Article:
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					Unauthorized Insurers
Questions Every Agent and Broker Should Ask
The North Carolina Department of Insurance is very concerned about unauthorized
insurers in the state of North Carolina. This document is provided to warn agents and
brokers of some of the risks associated with representing unauthorized insurers and to
help agents and brokers identify and avoid these arrangements.

Risks for Individual Agents and Brokers
All agents and brokers should understand that the sale of unauthorized insurance
products can have devastating consequences which may include the following:

Personal Liability on Claims
If the insurer involved is unauthorized, no safety net exists if the insurer becomes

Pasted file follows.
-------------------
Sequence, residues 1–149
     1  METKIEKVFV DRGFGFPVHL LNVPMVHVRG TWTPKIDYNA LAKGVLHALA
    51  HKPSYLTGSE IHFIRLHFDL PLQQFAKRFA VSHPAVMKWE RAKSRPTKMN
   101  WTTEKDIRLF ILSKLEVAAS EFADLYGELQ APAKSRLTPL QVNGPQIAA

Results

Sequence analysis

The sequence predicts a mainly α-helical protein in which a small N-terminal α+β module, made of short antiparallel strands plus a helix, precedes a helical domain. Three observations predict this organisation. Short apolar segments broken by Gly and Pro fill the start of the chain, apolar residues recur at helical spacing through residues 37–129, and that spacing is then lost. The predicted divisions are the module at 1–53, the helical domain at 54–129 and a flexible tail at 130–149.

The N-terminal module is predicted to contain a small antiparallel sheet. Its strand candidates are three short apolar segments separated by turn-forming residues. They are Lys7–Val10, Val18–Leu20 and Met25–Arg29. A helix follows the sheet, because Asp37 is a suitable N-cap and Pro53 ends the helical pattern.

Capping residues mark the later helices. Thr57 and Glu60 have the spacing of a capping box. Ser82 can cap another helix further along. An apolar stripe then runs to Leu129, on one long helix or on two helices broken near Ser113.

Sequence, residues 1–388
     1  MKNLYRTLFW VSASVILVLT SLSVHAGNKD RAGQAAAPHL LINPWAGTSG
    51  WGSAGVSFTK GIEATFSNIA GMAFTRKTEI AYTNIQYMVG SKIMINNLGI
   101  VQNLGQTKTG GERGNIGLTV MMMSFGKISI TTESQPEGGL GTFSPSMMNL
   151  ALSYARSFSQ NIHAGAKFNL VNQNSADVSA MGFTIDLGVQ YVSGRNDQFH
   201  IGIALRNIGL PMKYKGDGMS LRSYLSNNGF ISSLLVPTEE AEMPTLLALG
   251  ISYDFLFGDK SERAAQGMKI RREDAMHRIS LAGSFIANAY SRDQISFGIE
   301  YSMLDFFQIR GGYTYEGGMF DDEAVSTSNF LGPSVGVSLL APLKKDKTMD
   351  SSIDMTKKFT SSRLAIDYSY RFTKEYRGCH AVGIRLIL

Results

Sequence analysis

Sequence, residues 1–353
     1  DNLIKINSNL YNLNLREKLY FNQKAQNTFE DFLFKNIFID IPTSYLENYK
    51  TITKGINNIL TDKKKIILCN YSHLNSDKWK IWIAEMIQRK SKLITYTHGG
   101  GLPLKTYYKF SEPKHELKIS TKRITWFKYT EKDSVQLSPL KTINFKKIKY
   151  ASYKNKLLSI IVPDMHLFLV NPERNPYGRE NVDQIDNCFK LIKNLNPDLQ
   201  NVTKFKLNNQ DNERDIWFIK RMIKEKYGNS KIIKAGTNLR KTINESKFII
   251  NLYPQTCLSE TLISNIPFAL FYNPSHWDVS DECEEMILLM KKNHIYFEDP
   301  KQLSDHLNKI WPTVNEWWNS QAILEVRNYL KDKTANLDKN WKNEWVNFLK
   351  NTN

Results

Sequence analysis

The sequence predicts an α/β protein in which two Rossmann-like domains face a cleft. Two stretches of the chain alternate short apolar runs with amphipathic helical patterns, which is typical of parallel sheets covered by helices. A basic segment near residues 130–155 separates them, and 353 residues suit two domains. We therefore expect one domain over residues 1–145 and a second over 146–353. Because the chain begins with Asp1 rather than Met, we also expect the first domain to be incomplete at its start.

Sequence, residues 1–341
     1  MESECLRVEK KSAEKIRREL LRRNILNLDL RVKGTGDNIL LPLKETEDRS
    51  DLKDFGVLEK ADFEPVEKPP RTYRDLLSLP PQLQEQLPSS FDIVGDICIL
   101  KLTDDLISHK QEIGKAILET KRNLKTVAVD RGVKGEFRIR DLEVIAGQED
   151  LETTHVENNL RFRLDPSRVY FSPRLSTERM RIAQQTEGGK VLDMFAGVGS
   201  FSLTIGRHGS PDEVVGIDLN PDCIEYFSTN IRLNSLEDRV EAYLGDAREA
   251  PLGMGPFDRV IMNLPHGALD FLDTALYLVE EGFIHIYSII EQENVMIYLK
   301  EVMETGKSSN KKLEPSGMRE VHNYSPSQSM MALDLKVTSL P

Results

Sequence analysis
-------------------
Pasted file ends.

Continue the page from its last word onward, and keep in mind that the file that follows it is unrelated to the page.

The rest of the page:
insolvent. The individual agent / broker will potentially be required to pay any outstanding
claims. In situations such as these, North Carolina General Statute 58-33-95 provides
that:

“(a) Any person or entity who solicits, negotiates, or sells insurance in this State for an
unauthorized insurer: (1) Is the representative of that insurer and shall be strictly liable
for any losses or unpaid claims if an unauthorized insurer fails to pay in full or in part any
claim or loss within the provisions of any insurance contract sold, directly or indirectly, by
or through that person or entity on behalf of the unauthorized insurer.”

Criminal Charges
North Carolina General Statute 58-33-95 also makes it a crime to sell unauthorized
insurance products in this state. The statute reads in pertinent part as follows:

“(a) Any person or entity who solicits, negotiates, or sells insurance in this State for an